French Oysters –
Kings of the Sea

The French eat more than 130,000 metric tonnes of them each year. France produces over 150,000 metric tonnes of oysters each year. And les français eat about 90% of the production of the total production.

That's probably not counting us, though — we're sure we account for at least a tonne or two.

By the way, 150,000 metric tonnes is 287 million pounds, in case you're counting.

Along with foie gras and caviar, oysters define luxury French food. During the Christmas holidays, you can expect to find this holy trinity of French luxury foods on many menus. Along with champagne, of course.

On our very first Christmas in France we learned to love platters of fresh oysters, cracked open and served on a bed of ice with seaweed garnish, slurped down with a crisp Sancerre. French oysters simply taste better.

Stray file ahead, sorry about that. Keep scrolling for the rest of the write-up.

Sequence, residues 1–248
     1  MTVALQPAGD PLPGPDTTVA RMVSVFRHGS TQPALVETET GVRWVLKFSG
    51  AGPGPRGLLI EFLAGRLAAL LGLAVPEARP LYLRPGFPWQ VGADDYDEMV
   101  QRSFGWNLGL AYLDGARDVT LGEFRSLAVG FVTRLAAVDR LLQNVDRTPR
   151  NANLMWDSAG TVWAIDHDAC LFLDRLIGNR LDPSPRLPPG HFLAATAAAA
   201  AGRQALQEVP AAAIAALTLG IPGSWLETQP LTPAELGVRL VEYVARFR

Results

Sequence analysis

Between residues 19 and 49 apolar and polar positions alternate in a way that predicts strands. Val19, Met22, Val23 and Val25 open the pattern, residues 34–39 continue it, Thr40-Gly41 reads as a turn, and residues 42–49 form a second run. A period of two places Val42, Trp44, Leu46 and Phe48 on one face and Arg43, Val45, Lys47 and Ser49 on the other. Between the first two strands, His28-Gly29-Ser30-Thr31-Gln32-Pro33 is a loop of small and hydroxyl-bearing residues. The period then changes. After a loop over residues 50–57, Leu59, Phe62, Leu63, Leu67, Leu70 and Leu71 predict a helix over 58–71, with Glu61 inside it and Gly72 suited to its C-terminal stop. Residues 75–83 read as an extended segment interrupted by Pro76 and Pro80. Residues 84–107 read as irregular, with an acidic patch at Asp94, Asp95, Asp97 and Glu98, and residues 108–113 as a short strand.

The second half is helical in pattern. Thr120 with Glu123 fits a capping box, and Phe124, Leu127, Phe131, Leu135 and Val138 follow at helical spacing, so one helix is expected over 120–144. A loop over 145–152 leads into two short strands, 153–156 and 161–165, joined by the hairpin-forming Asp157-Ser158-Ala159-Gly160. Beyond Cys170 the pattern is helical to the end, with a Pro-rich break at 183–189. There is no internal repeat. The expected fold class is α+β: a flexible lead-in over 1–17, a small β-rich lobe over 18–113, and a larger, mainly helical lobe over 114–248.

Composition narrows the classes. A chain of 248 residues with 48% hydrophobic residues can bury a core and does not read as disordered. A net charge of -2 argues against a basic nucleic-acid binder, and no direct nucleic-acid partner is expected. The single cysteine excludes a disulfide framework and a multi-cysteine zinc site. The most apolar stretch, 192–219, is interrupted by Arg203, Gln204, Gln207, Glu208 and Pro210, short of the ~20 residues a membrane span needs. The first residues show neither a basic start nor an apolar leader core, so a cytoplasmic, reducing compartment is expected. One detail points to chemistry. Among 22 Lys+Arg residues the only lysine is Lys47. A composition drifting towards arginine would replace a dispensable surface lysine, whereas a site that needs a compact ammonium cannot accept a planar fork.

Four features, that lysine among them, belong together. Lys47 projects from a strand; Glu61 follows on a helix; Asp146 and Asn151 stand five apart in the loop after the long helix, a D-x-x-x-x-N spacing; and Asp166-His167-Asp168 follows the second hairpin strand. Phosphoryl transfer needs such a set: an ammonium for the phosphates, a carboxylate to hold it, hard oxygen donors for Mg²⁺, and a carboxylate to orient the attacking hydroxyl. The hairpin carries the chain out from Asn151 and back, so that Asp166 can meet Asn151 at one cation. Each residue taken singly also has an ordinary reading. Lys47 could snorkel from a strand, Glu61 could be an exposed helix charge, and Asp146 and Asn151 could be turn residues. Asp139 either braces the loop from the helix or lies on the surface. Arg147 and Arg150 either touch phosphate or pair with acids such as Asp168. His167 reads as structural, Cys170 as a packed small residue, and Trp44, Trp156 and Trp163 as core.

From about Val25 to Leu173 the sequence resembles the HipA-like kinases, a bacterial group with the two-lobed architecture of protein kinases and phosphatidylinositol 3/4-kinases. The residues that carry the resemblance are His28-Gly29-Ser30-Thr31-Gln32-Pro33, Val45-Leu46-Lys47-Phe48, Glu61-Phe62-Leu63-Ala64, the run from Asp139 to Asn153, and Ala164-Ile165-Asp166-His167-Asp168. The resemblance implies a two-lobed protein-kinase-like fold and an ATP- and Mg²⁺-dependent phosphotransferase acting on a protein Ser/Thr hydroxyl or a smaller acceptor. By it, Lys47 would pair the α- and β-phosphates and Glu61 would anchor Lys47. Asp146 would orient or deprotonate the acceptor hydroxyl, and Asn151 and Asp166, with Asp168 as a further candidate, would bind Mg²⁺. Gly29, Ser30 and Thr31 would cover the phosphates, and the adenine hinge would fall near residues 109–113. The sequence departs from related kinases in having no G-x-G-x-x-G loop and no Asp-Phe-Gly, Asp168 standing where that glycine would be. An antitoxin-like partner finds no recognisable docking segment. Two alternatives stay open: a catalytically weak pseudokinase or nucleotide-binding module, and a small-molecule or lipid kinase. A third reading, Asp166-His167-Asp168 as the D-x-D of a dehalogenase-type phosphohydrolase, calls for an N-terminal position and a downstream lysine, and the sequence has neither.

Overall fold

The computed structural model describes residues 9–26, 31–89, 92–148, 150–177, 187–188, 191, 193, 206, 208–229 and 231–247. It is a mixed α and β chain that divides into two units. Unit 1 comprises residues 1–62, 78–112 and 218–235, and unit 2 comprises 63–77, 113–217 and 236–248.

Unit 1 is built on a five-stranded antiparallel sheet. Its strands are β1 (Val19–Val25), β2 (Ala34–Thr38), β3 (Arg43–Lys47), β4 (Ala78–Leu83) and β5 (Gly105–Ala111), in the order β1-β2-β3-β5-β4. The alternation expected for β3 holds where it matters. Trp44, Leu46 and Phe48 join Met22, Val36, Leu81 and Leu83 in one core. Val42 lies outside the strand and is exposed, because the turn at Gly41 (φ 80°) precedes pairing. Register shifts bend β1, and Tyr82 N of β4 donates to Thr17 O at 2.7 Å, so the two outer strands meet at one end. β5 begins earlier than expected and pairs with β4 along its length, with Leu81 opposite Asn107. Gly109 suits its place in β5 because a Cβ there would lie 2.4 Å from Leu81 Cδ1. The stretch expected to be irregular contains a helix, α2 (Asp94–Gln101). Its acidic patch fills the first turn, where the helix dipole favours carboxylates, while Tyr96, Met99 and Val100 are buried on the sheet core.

The First Noël

Oysters

Oysters are as traditional to the French at Noël as turkey is to us.

At the wine cooperative at Beaumes-de-Venise we read a poster with a picture of oysters piled up to look like a Christmas tree, and the slogan, "Noël sans Huîtres? Pourquoi pas sans arbre, pendant que vous y êtes!"

It took us days and a serendipitous phrase in a dictionary to translate it as: "Christmas without Oysters? Why not without a tree, while you're at it?"

No country in the world offers a more varied oyster experience than France. France was the first country in all of Europe to start cultivating oysters on a large scale and they take it very seriously.

More than 2000 miles of French coastline, and about 3,400 French oyster growers translate into an estimated 520 million Euros in sales each year!

Oysters

Not only do the French produce the majority of the oysters in Europe, they are also consume most of their harvest.

More than 90% of the oysters produced in France are consumed by the French, and about 50% of the annual oyster production is consumed between Christmas and New Year's Day

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